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  • September 17, 2020

8 Mistakes Corporate Health and Wellness Programs Make

8 Mistakes Corporate Health and Wellness Programs Make

8 Mistakes Corporate Health and Wellness Programs Make 150 150 Agility Innovation Partners

It’s out with the old and in with the new in 2020. The world around us is changing, forcing companies to shift their business strategy in all aspects. A virtual-friendly environment is a necessary change with the rise of COVID-19. While we try to recover and re-strategize, it’s essential to look back and see what hasn’t been working for us. Now, we’re outlining the 8 common mistakes that companies make with their employee health and wellness programs.

The importance of looking into why corporate health and wellness programs fail is due to the positive and negative repercussions surrounding them. According to The Institute for Healthcare Consumerism, 59% of companies agree that workplace wellness programs help reduce costs. Not having a successful program or lacking one entirely will ultimately come at a higher cost to your company. Stress in the workplace accounts for 20% of direct costs and directly attributed to higher turnover rates, strikes, absenteeism, and work stoppages. Now more than ever, companies are looking into ways that cut costs and keep themselves in business during a global pandemic. This, coupled with the need to stay healthy, is all the more of a reason to focus on your health and wellness program.

Overcomplicating the Program

Creating a user-friendly employee wellness program is vital for its longevity and interaction. When it comes to health and wellness in daily life, all barriers need to be removed entirely. The majority of employees prefer to participate using mobile devices, so ensuring that your program caters to this is essential. The easier it is to engage, the more likely that interaction and positive results will ensue.

Additionally, with the rise in virtual work and virtual fitness, companies should start shifting their wellness program offerings to reflect the shift in their daily operation environment. Employees should still feel empowered and encouraged to make use of their program offerings despite their work environment being at home or the office.

Selling the Wrong Way

When wellness programs become activity-based instead of results-based, we see problems start to arise. Employees who participate in an activity-based wellness program will do just that – participate. Employees will begin to only focus on meeting scattered expectations instead of making positive changes.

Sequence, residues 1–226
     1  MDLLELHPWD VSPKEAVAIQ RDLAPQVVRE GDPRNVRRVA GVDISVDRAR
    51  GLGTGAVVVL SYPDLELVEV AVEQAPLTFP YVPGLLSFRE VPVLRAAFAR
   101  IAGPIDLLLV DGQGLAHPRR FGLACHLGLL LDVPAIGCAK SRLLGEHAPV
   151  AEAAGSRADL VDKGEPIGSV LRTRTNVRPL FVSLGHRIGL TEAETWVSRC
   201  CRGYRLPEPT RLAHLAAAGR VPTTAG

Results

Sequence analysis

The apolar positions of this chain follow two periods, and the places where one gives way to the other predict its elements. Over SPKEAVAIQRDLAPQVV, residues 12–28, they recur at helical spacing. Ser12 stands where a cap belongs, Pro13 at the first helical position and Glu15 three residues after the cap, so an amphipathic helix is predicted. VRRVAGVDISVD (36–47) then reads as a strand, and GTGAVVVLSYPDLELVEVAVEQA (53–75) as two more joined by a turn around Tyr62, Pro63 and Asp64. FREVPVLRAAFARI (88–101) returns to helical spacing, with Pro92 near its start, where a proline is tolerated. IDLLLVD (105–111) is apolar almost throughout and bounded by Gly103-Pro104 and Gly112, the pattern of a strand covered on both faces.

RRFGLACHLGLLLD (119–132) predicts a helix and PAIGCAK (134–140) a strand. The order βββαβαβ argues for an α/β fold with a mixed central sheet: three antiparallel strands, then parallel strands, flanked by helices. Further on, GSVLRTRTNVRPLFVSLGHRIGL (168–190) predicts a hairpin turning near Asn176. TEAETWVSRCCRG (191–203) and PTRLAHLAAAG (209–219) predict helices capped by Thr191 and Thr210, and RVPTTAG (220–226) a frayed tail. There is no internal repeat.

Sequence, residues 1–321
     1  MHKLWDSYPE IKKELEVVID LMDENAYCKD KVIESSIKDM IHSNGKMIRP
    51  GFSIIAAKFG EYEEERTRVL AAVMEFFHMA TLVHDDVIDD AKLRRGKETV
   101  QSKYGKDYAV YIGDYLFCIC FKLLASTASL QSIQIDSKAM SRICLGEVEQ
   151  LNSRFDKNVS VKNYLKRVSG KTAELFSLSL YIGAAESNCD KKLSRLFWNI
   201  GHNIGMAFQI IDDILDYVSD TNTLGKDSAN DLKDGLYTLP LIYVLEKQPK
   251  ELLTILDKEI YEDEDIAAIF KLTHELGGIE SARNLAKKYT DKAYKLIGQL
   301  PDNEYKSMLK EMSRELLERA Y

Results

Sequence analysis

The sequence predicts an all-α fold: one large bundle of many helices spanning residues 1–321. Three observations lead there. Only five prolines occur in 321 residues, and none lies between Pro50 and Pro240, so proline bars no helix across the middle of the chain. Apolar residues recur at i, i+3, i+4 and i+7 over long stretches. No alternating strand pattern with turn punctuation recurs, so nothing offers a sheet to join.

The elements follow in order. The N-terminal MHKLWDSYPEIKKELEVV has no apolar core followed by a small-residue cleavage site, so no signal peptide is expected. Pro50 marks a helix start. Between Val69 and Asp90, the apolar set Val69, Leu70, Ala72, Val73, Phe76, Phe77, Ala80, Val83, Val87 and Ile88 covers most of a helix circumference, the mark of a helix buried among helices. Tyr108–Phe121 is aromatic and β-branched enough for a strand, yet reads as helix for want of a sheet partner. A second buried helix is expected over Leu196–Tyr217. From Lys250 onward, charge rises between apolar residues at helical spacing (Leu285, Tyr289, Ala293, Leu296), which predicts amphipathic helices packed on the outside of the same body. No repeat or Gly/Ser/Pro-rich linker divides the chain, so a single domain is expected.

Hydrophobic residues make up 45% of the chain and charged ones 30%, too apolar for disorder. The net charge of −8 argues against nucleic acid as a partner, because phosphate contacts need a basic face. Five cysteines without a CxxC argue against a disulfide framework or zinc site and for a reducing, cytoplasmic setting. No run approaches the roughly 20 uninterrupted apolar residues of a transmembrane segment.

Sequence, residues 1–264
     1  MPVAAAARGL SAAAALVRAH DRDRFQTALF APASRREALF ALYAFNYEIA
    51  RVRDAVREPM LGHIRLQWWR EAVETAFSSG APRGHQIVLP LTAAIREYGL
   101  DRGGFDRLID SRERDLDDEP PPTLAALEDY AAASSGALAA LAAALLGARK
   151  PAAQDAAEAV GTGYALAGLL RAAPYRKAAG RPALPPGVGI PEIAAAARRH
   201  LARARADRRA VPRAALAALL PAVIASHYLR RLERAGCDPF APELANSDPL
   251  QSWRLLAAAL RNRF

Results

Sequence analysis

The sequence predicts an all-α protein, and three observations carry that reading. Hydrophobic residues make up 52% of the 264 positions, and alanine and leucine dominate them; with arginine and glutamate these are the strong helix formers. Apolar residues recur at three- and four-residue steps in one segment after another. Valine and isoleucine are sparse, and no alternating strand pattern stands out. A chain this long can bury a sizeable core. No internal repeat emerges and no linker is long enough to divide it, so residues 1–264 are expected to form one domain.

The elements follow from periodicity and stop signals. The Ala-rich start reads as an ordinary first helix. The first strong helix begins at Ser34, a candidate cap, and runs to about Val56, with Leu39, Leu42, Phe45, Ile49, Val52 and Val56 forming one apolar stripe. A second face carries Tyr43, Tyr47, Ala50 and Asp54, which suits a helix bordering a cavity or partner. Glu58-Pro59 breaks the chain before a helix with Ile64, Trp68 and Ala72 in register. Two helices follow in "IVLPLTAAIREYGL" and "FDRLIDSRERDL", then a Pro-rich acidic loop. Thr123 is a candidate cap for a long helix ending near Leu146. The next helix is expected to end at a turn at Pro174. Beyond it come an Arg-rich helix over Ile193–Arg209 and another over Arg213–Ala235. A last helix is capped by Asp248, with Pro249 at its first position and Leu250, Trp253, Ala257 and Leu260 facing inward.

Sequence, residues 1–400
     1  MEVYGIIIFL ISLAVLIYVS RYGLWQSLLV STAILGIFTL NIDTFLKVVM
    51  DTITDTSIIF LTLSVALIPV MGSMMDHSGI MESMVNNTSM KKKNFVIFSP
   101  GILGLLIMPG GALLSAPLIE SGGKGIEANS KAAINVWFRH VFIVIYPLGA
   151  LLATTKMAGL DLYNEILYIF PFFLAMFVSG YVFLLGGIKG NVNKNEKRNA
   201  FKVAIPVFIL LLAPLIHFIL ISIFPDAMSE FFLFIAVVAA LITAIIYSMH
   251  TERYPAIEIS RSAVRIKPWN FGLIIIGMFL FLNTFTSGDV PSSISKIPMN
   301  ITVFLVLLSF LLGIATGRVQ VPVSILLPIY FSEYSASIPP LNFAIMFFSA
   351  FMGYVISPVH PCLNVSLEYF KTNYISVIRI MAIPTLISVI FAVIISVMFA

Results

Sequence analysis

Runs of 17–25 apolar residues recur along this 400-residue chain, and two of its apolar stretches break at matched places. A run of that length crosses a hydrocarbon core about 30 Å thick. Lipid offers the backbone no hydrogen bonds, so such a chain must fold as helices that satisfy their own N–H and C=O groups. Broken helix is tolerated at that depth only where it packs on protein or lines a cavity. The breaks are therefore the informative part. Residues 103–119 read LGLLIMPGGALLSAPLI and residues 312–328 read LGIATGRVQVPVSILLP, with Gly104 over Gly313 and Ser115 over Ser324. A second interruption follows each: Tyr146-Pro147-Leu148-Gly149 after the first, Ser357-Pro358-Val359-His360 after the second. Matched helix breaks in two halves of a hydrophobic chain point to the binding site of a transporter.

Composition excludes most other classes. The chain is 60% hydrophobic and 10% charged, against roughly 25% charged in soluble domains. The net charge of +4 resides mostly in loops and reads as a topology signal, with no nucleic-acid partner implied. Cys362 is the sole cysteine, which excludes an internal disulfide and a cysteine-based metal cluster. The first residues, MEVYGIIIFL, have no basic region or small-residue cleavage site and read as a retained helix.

In order to see positive results, companies need to change the mindset surrounding their employee wellness program. Collecting data surrounding effects on employee health will allow companies to assess the impact of a program, thus reducing costs. Employees will start to see results just as much as their employer will.

Mistaking a Wellness Website for a Wellness Program

While creating an employee wellness website is essential, it’s really just checking off a box. Inviting your employees to go online and view health articles or videos is not interaction that will drive results.

In addition to having resources accessible, it is essential to encourage the physical action of making a healthy lifestyle choice. Whether it’s choosing a healthy diet, exercising daily, or maintaining work/life balance, remember to promote dynamic action more than static action.

Lack of Leadership Support

When there’s visibility in leadership participation, especially in an employee wellness program, it creates a ripple effect. Leaders talking about their healthy lifestyle or the challenges they’re participating in create a genuine testimony for a wellness program. Employees want to see action, notice results, and feel like they are a part of a supportive community. In order to create these positive changes, action needs start with leadership.

Additionally, creating a wellness committee for employees to be in charge of will develop a sense of ownership. If employees feel like they’re putting their personal mark on the program, it will create a positive persona surrounding it. Further, we are always more invested in the things that we have personally put our time and effort into. Wellness committees can help with company participation, program communication, and generating ideas or suggestions for the existing program.

Not Hiring External Vendors

Sometimes we see that internal employees, often in the HR department, are responsible for heading their wellness program on top of their full-time duties within a company. The lure of saving money and having complete control of the program doesn’t always work out, nor is it useful in the long run. According to the Workplace Health in America 2017 survey, a designated staff person, budget, and experience offering health promotion programs significantly increase the odds of having a comprehensive plan.

A lot more than being a positive cheerleader goes into running your company’s health and wellness program. Training and certification, trial and error period, starting from scratch, and lack of time will ultimately result in the failure of a program. What initially seems to be both cost-effective and autonomous ends up becoming the direct opposite. Hiring externally is always a positive solution for both your leadership department and employees.

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